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Neuroimaging-based brain-age prediction of first-episode schizophrenia and the alteration of brain age after early medication

Published online by Cambridge University Press:  02 December 2021

Yi-Bin Xi
Affiliation:
Department of Radiology, Xi'an People's Hospital (Xi'an Fourth Hospital), China; and Department of Radiology, Xijing Hospital, Fourth Military Medical University, China
Xu-Sha Wu
Affiliation:
Department of Radiology, Xi'an People's Hospital (Xi'an Fourth Hospital), China; and School of Medical Technology, Shaanxi University of Chinese Medicine, China
Long-Biao Cui
Affiliation:
Department of Clinical Psychology, School of Medical Psychology, Fourth Military Medical University, China; and Department of Radiology, The Second Medical Center, Chinese PLA General Hospital, China
Li-Jun Bai
Affiliation:
The Key Laboratory of Biomedical Information Engineering, Ministry of Education, Department of Biomedical Engineering, School of Life Science and Technology, Xi'an Jiaotong University, China
Shuo-Qiu Gan
Affiliation:
The Key Laboratory of Biomedical Information Engineering, Ministry of Education, Department of Biomedical Engineering, School of Life Science and Technology, Xi'an Jiaotong University, China
Xiao-Yan Jia
Affiliation:
The Key Laboratory of Biomedical Information Engineering, Ministry of Education, Department of Biomedical Engineering, School of Life Science and Technology, Xi'an Jiaotong University, China
Xuan Li
Affiliation:
The Key Laboratory of Biomedical Information Engineering, Ministry of Education, Department of Biomedical Engineering, School of Life Science and Technology, Xi'an Jiaotong University, China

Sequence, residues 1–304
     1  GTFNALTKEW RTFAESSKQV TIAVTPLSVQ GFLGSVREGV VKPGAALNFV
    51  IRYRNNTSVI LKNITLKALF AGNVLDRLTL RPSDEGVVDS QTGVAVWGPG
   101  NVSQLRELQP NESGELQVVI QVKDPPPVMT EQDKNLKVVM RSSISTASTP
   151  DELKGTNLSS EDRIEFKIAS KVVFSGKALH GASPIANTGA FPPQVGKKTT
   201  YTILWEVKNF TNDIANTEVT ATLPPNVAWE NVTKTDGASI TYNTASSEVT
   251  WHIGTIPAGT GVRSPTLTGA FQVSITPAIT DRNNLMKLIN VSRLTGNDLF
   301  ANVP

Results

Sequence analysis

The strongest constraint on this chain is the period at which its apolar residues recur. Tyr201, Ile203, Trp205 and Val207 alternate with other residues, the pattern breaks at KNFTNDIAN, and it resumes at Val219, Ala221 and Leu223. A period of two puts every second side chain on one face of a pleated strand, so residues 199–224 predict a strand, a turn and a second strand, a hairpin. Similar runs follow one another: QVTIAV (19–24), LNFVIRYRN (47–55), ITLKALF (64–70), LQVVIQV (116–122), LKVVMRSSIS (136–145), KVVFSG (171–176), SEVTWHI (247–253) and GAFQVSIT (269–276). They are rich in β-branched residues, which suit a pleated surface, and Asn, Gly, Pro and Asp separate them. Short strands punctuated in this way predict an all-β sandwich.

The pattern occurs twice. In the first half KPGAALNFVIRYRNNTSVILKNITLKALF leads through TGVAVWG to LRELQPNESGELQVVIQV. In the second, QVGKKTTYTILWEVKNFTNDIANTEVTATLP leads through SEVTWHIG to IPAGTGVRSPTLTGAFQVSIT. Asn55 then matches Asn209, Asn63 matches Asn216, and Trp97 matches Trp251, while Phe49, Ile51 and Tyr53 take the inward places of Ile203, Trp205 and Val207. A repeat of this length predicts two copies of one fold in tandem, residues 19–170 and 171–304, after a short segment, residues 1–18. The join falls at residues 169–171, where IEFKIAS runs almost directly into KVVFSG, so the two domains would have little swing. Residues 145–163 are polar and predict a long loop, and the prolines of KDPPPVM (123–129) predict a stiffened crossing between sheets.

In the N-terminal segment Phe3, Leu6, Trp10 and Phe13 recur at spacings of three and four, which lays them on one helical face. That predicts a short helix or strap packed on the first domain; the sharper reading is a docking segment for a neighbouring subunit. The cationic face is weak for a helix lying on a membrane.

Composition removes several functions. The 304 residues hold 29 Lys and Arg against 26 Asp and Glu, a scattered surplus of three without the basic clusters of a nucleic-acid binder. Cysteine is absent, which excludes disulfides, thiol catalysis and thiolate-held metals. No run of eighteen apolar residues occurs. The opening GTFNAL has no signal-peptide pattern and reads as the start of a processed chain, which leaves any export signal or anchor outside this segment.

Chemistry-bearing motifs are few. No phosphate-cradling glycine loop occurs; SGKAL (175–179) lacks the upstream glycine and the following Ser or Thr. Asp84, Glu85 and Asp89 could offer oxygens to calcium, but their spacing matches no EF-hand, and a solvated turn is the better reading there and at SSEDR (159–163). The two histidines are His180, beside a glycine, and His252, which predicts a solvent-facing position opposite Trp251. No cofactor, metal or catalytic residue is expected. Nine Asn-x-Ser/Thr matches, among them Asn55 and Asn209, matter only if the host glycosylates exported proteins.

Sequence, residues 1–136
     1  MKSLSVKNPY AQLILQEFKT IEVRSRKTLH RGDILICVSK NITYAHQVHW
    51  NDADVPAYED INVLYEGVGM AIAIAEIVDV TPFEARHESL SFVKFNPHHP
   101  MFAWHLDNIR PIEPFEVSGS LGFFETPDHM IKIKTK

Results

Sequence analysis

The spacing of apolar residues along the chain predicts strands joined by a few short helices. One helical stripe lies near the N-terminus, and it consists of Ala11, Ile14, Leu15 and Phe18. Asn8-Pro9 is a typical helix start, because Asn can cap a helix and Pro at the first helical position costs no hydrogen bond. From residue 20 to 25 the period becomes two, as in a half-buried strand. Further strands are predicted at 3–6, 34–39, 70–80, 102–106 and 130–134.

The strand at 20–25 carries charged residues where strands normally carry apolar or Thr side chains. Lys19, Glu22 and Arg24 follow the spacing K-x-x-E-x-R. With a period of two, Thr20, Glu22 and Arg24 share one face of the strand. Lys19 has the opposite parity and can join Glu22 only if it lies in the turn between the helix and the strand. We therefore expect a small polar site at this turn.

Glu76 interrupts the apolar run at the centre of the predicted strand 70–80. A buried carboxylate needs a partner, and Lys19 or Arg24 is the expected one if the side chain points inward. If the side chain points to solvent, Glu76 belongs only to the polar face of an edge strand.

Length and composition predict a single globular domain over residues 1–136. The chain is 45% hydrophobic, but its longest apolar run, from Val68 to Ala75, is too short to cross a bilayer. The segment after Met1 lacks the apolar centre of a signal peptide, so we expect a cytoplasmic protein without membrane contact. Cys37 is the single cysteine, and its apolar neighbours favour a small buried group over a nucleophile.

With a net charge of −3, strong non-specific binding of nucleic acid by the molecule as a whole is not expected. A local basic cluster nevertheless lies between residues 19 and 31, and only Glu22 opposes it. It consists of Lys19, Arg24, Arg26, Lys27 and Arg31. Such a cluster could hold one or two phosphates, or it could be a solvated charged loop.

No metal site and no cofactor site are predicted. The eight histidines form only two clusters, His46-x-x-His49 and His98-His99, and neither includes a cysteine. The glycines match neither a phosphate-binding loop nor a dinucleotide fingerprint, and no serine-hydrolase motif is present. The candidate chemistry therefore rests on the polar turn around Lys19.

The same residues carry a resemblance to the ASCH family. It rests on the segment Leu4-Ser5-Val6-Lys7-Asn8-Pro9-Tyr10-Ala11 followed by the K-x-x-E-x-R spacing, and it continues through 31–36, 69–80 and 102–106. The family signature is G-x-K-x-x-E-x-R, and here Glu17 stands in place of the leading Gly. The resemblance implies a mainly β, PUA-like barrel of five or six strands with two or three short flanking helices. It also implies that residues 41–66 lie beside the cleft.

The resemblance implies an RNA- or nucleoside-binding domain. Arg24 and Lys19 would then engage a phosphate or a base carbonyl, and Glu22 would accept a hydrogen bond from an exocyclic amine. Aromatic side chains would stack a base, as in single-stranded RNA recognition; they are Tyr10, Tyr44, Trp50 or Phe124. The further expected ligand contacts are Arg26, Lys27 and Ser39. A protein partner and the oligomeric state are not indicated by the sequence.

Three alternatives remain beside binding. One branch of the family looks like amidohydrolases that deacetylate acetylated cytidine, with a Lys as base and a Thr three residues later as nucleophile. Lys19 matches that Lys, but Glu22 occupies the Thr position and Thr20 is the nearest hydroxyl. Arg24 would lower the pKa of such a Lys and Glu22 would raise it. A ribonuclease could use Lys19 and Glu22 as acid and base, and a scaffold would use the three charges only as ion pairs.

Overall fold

Yong-Qiang Xu
Affiliation:
Department of Radiology, Xijing Hospital, Fourth Military Medical University, China
Xiao-Wei Kang
Affiliation:
Department of Radiology, Xi'an People's Hospital (Xi'an Fourth Hospital), China
Fan Guo*
Affiliation:
Department of Radiology, Xijing Hospital, Fourth Military Medical University, China
Hong Yin*
Affiliation:
Department of Radiology, Xi'an People's Hospital (Xi'an Fourth Hospital), China; and Department of Radiology, Xijing Hospital, Fourth Military Medical University, China
*
Correspondence: Hong Yin. Email: yinnhong@163.com; Fan Guo. Email: guofan0602@hotmail.com
Correspondence: Hong Yin. Email: yinnhong@163.com; Fan Guo. Email: guofan0602@hotmail.com

Abstract

Background

Neuroimaging- and machine-learning-based brain-age prediction of schizophrenia is well established. However, the diagnostic significance and the effect of early medication on first-episode schizophrenia remains unclear.

Aims

To explore whether predicted brain age can be used as a biomarker for schizophrenia diagnosis, and the relationship between clinical characteristics and brain-predicted age difference (PAD), and the effects of early medication on predicted brain age.

Method

The predicted model was built on 523 diffusion tensor imaging magnetic resonance imaging scans from healthy controls. First, the brain-PAD of 60 patients with first-episode schizophrenia, 60 healthy controls and 21 follow-up patients from the principal data-set and 40 pairs of individuals in the replication data-set were calculated. Next, the brain-PAD between groups were compared and the correlations between brain-PAD and clinical measurements were analysed.

Results

The patients showed a significant increase in brain-PAD compared with healthy controls. After early medication, the brain-PAD of patients decreased significantly compared with baseline (P < 0.001). The fractional anisotropy value of 31/33 white matter tract features, which related to the brain-PAD scores, had significantly statistical differences before and after measurements (P < 0.05, false discovery rate corrected). Correlation analysis showed that the age gap was negatively associated with the positive score on the Positive and Negative Syndrome Scale in the principal data-set (r = −0.326, P = 0.014).

Conclusions

The brain age of patients with first-episode schizophrenia may be older than their chronological age. Early medication holds promise for improving the patient's brain ageing. Neuroimaging-based brain-age prediction can provide novel insights into the understanding of schizophrenia.

Type
Paper
Copyright
Copyright © The Author(s), 2021. Published by Cambridge University Press on behalf of the Royal College of Psychiatrists

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Footnotes

*

Joint first authors.

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